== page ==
From Gezi Park to Rio de Janeiro: Urban Planning at The Forefront

Peter Ramsden

By Peter Ramsden, on June 26th, 2013

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Good Urban Services Are More Important than Spectacles

In ancient Rome the masses were kept quiescent by free bread and the appalling spectacle of the Coliseum. Now it is the International Olympic Committee (IOC) and the International Football Federation Agency (FIFA) who play this role.

While Erdogan seems to have lost his mojo over the decision to pave over the Gezi park with another shopping centre, the events in Brazil suggest that good urban services are more important than spectacles.

Urban Planning at The Forefront

In both cases the question of urban planning is at the forefront. Istanbul is one of the World’s fastest growing cities with a population of over 20million. But it has few open spaces and the mantra of private sector development threatens even these. The demonstrations started over the proposal to redevelop the Gezi park as a shopping mall.
In Brazil, the ostensible trigger for the demonstrations was an increase in bus prices. But the underlying frustrations have quickly been revealed. A football stadium in the capital city of Brasilia will cost 700 million USD even though the city has no football team to use the stadium after the cup. The total spending on the World Cup is estimated at four times that for the South African World Cup even though Brazil is a famous footballing nation with many existing stadiums. FIFA was heavily criticised in South Africa for its free riding – they reportedly made over 2billion US$, tax exemption and bungs while South Africa picked up all the bills.


Ironically, in Brazil, the World Cup is even more hated than the Olympics because it touches more cities. Stadia are being built or renovated in manycities across the country. In contrast for the Olympics, Rio de Janeiro suffer the Olympics alone. Whereas the citizens of London were largely duped with the promise of legacy – in which one of the few really large remaining development sites in London is being redeveloped for luxury housing at public expense with massive transport infrastructure – in Brazil the reality is more obvious to the citizens. Despite an impressive decade of growth, the ordinary citizen faces third rate public services for health, education and transport. Major projects result in the bulldozing of Favelas and relocation to peripheral locations. Nothing is done about the street children and there are rumours about that they will be bussed out of the cities for both the football and the Olympics.
The crisis in Brazil reflects a growing problem in the BRICS countries as a group. Their governance has failed to keep up with their economies. Urbanisation has been rapid, but has produced poor living environments. China’s double digit growth has slowed to 7.5% with the underlying threat of a banking crisis and rampant corruption among the cadres in the cities. India’s growth is stalling while corruption scandals escalate. Brazil has two million demonstrating and there is a risk that they will disrupt the showpiece events in 2014 and 2016. Meanwhile South Africa limps along with an under-achieving economy, a government that turned its guns on striking miners while the news media wait on the health of Mandela.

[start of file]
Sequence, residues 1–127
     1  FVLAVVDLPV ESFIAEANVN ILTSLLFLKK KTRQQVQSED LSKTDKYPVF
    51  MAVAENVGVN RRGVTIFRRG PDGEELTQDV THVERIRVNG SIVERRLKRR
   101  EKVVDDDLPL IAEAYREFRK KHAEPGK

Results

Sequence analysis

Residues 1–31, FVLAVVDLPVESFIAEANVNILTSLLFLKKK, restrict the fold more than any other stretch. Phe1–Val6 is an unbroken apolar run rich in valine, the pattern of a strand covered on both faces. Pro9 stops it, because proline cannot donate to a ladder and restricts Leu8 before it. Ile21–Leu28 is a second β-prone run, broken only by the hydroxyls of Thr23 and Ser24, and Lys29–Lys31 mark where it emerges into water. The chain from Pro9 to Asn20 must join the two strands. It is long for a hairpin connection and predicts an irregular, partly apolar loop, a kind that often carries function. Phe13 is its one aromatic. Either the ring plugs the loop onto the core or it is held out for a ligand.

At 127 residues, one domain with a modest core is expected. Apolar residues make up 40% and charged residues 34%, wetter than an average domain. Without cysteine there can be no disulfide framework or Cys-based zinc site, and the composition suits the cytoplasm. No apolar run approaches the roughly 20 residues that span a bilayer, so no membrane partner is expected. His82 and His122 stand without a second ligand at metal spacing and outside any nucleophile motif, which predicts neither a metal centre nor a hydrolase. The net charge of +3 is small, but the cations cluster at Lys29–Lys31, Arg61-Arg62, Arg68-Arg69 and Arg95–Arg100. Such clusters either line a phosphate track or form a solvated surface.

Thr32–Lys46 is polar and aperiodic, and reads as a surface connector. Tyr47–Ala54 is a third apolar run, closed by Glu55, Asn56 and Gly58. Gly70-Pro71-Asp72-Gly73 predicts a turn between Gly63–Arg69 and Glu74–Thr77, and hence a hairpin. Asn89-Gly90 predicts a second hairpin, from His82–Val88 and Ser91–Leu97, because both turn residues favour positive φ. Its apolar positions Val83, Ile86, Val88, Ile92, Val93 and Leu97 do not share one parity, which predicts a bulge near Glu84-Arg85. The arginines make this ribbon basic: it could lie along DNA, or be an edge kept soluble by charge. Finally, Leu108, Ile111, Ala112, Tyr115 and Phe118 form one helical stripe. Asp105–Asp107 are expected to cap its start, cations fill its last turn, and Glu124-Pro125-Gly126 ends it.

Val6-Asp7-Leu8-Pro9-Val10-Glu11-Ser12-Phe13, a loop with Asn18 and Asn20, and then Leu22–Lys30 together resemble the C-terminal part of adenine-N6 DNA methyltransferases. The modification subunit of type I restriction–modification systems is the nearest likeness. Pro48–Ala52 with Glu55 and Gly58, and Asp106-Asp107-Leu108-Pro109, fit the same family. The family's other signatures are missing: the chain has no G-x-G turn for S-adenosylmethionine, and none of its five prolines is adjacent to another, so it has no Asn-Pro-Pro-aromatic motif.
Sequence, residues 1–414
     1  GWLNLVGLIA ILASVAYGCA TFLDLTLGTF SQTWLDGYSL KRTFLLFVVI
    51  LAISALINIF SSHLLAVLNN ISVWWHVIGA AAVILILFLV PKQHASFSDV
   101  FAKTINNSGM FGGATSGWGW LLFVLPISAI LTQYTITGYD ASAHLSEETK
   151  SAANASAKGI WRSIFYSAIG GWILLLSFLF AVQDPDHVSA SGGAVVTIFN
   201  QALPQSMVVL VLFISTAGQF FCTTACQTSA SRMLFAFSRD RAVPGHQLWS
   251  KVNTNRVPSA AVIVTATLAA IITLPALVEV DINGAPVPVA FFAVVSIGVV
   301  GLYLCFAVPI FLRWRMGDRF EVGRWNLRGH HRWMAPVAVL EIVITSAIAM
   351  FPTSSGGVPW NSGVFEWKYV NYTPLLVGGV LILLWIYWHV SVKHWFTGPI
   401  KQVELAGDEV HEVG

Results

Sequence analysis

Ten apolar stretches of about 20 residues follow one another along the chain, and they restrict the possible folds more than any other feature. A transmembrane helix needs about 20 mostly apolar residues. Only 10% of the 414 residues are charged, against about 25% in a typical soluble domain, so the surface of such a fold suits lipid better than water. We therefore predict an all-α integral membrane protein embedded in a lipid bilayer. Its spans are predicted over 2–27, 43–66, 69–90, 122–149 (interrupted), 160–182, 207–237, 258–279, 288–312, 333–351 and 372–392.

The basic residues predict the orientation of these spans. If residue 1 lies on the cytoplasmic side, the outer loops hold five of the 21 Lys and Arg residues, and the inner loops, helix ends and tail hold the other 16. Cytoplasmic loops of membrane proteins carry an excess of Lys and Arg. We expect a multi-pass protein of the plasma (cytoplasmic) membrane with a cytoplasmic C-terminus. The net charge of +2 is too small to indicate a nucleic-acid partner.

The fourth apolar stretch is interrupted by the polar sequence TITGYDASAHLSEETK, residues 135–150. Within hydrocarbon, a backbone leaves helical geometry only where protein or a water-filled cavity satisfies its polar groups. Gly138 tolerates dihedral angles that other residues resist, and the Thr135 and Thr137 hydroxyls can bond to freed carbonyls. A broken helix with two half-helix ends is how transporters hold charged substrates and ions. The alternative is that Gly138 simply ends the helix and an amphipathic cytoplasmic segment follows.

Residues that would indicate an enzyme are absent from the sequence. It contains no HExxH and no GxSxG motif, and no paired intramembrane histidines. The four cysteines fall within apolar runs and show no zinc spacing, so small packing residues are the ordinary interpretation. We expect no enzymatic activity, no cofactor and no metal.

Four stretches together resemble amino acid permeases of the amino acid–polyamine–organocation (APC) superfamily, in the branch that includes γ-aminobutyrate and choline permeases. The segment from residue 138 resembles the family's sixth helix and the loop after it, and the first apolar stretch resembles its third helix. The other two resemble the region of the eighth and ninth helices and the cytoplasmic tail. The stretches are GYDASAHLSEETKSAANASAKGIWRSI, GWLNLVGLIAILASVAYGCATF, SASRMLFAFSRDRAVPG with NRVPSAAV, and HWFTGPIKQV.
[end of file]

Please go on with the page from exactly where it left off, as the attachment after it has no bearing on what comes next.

The fact that cities are the locus of the demonstrations is no surprise. Ever since Peterloo and the Paris Commune it has been in the cities that have been most feared by corrupt rulers. Haussmann refashioned Paris so that citizens could be contained in their quartiers by cannons pointing down the avenues and boulevards. Trafalgar square in London was re-designed to allow a small number of troops to contain demonstrations against the steep back wall (now converted into a pedestrian precinct in front of the National Gallery).

What unites the uprisings in both Turkey and Brazil is that citizens are denouncing large projects which appear to benefit the private sectorand making a call for their right to the city. Whatever else the result, the IOC and FIFA will think twice about where to go in the future.

by Peter Ramsden,

URBACT expert



Facing the rapid expansion of their cities, city dwellers in the BRICS express their will to have a voice on urban planning and on public services. Organising participation of stakeholders in urban planning processes is also today a major challenge for European cities, a challenge adressed within URBACT via exchanges between cities and via the experience of  the URBACT Local Support Groups. For this purpose, the URBACT thematic reports ‘Cities of Tomorrow: Action Today‘ recently published present case studies and propose findings that can be used all over the world by urban planning practionners.


2 Responses to “From Gezi Park to Rio de Janeiro: Urban Planning at The Forefront”

  1. Peter, I’m not sure (at least in the Brazilian case) that there is a clear link between the huge urbanistic projects related to the Olimpic Games and the Football World cup, with the failures in how growth is redistributed among poor people (trickle down processes). In Brazil the extended riots taking place in the biggest Brazilian cities were starred mainly by middle class people, that don’t suffer urban segregation. There claims are not linked with poverty or social exclusion, but with low qulaity democracy and civic frustration. On the other hand, the current governament is making huge efforts in reducing poverty and enhancing social inclusion. (Obviosuly, in Brazil nothing is enough…)

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